BACKGROUND. Combined gemcitabine and carboplatin (GC) and combined gemcitabine and vinorelbine (GV) are active and well tolerated chemotherapeutic regimens for patients with advanced nonsmall cell lung cancer (NSCLC). The authors conducted a randomized Phase II study of GC versus GV to compare them in terms of efficacy and toxicity. METHODS. One hundred twenty-eight patients with Stage IIIB or IV NSCLC were randomized to receive either carboplatin at an area under the curve of 5 on Day 1 combined with gemcitabine 1000 mg/m2 on Days 1 and 8 (n = 64 patients) or vinorelbine 25 mg/m2 combined with gemcitabine 1000 mg/m2 on Days 1 and 8 (n = 64 patients) every 3 weeks. RESULTS. Response rates were 20.3% for the GC patients and 21.0% for the GV patients. In the GC arm, the median survival was 432 days, and the a 1-year survival rate was 57.6%; in the GV arm, the median survival was 385 days, and the 1-year survival rate was 53.3% in the GV arm. The median progression-free survival was 165 days in the GC arm and 137 days in the GV arm. Severe hematologic toxicity (Grade 4) was significantly more frequent in the GC arm (45.3% vs. 25.8% in the GV arm; P = .022). Most notably, the incidence of Grade 3 or 4 thrombocytopenia was significantly higher in the GC arm (81.3% vs. 6.5% in the GV arm; P < .001). Conversely, severe nonhematologic toxicity (Grade 3 or 4) was more common in the GV arm (7.8% vs. 19.4% in the GC arm; P = .057). CONCLUSIONS. Although the GV and GC regimens had different toxicity profiles, there was no significant difference in survival among patients with NSCLC in the current study.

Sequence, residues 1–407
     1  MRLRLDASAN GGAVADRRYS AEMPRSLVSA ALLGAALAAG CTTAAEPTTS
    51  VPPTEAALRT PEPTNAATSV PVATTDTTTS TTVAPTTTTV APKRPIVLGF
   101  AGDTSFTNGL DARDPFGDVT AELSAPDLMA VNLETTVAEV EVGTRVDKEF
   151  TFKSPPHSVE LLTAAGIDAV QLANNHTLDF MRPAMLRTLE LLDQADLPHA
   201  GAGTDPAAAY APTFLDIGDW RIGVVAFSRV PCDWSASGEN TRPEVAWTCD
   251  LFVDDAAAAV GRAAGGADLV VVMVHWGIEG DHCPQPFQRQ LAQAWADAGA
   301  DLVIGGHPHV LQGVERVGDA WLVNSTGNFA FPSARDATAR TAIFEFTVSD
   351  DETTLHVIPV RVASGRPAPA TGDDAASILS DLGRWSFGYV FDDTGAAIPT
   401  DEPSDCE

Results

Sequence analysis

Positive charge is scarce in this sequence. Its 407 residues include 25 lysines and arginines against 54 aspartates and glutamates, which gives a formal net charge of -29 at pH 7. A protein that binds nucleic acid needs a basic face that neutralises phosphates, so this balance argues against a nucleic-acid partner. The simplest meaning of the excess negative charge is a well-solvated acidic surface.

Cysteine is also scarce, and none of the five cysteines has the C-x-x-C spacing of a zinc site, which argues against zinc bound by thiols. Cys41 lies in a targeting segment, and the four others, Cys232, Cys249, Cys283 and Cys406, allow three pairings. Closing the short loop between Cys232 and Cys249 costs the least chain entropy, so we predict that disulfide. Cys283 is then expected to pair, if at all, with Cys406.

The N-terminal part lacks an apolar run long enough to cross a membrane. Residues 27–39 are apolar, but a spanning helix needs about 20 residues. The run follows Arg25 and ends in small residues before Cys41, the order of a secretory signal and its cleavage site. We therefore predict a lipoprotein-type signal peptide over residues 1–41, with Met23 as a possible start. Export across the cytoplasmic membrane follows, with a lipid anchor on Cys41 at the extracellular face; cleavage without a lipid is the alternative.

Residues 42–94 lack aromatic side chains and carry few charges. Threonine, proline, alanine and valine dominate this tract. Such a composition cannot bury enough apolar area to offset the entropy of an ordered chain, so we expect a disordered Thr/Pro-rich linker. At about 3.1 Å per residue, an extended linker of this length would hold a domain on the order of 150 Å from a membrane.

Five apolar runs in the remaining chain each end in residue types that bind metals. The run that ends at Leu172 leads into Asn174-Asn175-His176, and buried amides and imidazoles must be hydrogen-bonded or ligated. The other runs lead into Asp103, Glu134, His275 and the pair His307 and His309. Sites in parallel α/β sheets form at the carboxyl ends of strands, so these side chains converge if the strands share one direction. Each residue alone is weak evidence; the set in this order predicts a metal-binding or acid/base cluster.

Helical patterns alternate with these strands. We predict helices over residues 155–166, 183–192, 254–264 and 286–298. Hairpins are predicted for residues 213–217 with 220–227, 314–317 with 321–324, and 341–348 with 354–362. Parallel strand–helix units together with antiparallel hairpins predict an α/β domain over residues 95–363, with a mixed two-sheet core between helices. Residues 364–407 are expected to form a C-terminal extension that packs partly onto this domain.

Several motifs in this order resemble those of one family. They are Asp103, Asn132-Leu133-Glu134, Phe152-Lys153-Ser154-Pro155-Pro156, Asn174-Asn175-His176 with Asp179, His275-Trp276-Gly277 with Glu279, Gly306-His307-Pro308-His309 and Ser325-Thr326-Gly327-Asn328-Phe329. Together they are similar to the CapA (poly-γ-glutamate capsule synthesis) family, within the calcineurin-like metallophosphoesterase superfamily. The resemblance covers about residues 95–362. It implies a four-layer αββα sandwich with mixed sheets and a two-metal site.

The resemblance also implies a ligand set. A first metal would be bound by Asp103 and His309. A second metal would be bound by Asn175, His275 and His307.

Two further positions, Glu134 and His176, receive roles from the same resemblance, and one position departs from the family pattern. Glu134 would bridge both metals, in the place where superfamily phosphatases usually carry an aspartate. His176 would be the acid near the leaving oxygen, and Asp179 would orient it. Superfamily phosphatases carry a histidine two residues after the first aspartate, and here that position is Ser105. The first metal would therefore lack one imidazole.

All Science Journal Classification (ASJC) codes
- Cancer Research